The longer I write object oriented stuff, the more I learn and realize: as a matter of fact, the approach I am suggesting here won’t sound any newer for object oriented gurus, but does for me, who too often has a very empiric approach (mercy on me!), and hopefully will be useful to other people on SDN.
When I write a Java mapping for SAP XI, I usually use DOM, which is my favourite technique, no doubts. Please be aware that what I’m going to show you here is no way the formula that will resolve any situation, but rather a suggested approach. An approach that, truly, can be applied in a number of scenarios: the same stuff can be done if you prefer Java mapping using SAX, JDOM, or whatever. And more, as ABAP mapping is also based on an object oriented paradigm, this can be easily applied to the ABAP world as well! (I don’t have time to show this now, too, but I can guarantee it’ll work.)
The Helper Class
The driver question is: what are the main tasks of a Java mapping (using DOM in this case)?
1. parse input document
2. getting a new document for output result
3. working on root element
4. serializing output document to stream
Starting from these basic tasks, we can build an abstract class that implements them as methods. Why abstract? Well, an interface would be useless enough, as we’re aging to write some real code inside it. Let’s say that the abstract class in this case is a good middle course between an interface and a real class. First fo all, it would make no sense to instantiate and use this class directly. Second, we’ll be leveraging on nice features in NWDS (NetWeaver Developer Studio) based on this.
Take a look at the code of my DOMTranformation class, and get an idea. The class name comes from the basic idea that this class is a derivation of the too generic StreamTransformation SAP standard interface which we must always implement to get a workin’ Java mapping.
What do we have, then?
Of course we have the promised methods to perform our afore-said basic tasks, plus the always-needed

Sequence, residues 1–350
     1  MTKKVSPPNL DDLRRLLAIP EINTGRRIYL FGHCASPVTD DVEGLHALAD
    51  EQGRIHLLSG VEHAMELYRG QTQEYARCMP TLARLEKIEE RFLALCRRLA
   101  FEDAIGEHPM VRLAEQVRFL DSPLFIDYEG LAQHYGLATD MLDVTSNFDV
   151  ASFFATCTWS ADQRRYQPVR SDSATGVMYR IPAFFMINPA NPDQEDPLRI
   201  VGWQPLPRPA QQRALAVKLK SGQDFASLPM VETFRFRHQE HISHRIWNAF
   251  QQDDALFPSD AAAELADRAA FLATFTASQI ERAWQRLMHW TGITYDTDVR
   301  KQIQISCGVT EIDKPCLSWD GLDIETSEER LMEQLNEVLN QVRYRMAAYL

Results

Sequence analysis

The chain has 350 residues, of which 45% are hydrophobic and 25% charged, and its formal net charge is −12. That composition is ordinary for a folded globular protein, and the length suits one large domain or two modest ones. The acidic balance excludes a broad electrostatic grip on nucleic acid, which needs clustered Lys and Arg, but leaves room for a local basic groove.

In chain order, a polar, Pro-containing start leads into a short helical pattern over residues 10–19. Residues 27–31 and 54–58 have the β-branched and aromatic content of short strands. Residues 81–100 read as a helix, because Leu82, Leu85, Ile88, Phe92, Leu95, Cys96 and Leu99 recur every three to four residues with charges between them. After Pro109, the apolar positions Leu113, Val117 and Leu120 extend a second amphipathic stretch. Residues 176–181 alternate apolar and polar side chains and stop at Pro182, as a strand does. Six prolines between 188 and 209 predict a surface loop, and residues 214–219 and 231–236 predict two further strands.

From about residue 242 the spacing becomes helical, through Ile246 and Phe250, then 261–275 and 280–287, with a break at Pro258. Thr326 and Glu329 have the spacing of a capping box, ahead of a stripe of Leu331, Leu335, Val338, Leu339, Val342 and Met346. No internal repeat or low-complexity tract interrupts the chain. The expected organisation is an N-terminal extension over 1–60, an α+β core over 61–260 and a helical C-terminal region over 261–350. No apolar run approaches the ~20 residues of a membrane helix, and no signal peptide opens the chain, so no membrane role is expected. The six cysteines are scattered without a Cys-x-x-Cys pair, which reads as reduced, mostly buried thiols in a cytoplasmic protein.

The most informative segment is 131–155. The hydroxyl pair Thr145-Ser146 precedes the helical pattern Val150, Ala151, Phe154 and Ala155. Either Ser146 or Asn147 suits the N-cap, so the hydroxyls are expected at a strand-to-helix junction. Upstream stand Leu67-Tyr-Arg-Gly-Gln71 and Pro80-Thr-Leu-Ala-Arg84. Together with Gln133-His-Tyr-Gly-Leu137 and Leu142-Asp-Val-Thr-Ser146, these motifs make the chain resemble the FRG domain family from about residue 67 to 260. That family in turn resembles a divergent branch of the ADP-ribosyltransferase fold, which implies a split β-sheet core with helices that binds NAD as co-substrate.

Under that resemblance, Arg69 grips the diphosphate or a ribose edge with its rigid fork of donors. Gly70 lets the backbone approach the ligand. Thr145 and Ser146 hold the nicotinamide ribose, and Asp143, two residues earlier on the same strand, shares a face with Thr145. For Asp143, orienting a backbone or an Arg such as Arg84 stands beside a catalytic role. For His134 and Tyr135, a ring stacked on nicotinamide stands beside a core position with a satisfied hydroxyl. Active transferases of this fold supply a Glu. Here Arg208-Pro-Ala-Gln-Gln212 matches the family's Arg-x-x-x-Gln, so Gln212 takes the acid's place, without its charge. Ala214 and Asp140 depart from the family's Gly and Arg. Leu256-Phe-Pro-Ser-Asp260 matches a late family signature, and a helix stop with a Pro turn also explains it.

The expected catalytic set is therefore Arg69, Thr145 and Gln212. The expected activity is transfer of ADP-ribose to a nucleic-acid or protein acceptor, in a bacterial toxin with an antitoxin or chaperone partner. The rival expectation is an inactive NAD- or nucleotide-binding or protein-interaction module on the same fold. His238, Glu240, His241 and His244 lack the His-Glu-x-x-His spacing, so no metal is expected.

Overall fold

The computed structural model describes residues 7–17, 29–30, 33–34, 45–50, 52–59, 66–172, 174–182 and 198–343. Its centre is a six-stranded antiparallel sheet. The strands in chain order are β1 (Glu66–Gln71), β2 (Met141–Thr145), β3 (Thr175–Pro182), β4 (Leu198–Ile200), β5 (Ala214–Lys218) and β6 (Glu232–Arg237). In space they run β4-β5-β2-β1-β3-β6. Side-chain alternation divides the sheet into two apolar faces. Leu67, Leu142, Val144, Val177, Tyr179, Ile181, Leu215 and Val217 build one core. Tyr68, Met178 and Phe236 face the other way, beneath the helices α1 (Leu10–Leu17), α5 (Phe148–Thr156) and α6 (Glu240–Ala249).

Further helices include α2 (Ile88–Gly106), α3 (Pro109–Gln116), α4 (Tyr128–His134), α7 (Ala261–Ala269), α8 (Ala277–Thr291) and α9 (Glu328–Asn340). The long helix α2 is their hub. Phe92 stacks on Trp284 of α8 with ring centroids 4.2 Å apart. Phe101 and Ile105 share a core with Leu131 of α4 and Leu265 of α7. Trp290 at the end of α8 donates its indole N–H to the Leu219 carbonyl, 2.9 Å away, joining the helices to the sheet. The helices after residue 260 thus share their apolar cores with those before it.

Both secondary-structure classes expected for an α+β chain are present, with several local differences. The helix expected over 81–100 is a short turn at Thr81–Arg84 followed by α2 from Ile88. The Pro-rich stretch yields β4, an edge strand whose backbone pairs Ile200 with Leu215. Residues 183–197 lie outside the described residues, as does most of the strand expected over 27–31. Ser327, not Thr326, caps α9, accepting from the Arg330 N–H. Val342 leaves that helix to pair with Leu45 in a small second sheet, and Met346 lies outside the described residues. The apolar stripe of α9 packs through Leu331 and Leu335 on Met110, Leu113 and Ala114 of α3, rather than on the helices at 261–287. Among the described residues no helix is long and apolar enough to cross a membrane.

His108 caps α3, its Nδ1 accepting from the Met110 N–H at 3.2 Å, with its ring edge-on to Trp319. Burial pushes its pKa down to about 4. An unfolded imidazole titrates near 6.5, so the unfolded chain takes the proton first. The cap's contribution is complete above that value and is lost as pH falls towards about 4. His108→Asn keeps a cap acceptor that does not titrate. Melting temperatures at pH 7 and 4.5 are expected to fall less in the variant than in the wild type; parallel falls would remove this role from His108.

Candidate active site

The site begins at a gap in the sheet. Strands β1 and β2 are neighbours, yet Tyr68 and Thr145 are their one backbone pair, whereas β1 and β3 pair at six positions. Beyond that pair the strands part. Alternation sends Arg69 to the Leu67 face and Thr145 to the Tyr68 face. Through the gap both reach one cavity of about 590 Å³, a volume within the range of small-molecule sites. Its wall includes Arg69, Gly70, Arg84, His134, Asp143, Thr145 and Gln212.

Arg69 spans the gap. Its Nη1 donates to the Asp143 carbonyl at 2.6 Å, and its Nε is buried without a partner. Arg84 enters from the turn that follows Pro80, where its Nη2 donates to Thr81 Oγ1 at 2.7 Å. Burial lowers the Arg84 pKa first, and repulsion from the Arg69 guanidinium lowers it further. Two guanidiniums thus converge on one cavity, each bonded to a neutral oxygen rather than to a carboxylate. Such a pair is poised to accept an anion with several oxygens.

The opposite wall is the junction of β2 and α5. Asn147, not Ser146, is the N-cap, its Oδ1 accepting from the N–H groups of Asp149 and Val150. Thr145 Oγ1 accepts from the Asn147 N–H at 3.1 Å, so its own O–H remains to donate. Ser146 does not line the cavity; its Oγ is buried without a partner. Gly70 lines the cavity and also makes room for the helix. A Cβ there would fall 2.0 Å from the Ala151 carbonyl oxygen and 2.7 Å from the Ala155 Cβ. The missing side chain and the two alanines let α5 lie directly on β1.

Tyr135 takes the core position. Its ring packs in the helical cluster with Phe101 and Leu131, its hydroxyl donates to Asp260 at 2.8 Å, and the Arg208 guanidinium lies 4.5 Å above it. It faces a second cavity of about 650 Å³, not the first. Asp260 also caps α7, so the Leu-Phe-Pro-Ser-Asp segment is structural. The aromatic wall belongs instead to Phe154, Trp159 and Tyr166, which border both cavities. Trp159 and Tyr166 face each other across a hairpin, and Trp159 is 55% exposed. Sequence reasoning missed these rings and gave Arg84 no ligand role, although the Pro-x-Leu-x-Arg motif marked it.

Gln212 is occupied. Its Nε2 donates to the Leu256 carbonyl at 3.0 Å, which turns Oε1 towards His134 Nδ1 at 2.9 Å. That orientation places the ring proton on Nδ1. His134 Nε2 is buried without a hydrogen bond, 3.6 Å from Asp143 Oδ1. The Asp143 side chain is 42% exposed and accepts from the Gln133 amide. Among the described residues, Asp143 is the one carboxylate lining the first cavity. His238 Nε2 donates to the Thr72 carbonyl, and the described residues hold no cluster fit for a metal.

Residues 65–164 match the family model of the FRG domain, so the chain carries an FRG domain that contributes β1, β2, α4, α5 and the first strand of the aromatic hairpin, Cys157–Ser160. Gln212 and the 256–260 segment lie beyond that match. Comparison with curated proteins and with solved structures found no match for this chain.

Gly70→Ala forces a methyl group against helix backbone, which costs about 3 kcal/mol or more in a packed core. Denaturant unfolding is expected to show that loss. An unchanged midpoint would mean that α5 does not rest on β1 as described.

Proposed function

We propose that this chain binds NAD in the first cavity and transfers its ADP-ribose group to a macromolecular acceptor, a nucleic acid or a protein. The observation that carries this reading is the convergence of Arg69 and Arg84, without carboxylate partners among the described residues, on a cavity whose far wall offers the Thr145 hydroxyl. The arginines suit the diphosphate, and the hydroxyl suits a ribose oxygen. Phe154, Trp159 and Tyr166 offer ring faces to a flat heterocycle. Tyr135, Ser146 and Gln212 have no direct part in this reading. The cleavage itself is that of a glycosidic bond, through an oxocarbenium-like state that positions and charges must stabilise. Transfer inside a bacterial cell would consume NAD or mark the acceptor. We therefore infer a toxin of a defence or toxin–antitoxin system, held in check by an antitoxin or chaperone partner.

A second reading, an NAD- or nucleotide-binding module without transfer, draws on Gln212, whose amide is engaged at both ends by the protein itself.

method. Following this very easy way of thinking, you can embed in this java mapping superclass any other frequently used methods.
Well, now you probably want to build the “real” mapping. So proceed as follows:
– create a new Java project
– extend your build path adding the usual aii_map_api.jar
– extend your build path again, adding the project in which you put our DOMTransformation class. At the time of “installing” the whole thing on XI, you’ll have to create two Imported Archives: one .jar for the DOMTransformation class, in a base SWCV/namespace, and onw .jar for the real java mapping(s).
– create your java mapping class: as in the picture below, you don’t need anymore to declare the StreamTranformation interface, but rather to extend our DOMTranformation.
You can search the superclass (DOMTransformation) by using the Browse button (highlighted with lime green) which will popup a class search window (highlighted with lime green as well). Be sure to flag “Inherited abstract methods”: this is no great help actually, but at least we’ll have the core
execute(InputStream input, OutputStream output)
method ready to implement in the new java class (and that’s one of the reason why we used abstract class!).
Now the real java mapping code follows, in which you’ll have to perform only the real xml message transformation, as basic tasks will be accomplished by the superclass DOMTransformation. Also, please find in the code below relevant comments!
As already said, this will be no news for object oriented minded people, but at least I hope it will make some people life easier. And more, that it could serve as a basis for many other weblogs/implementations (ABAP, JDOM, SAX, etc).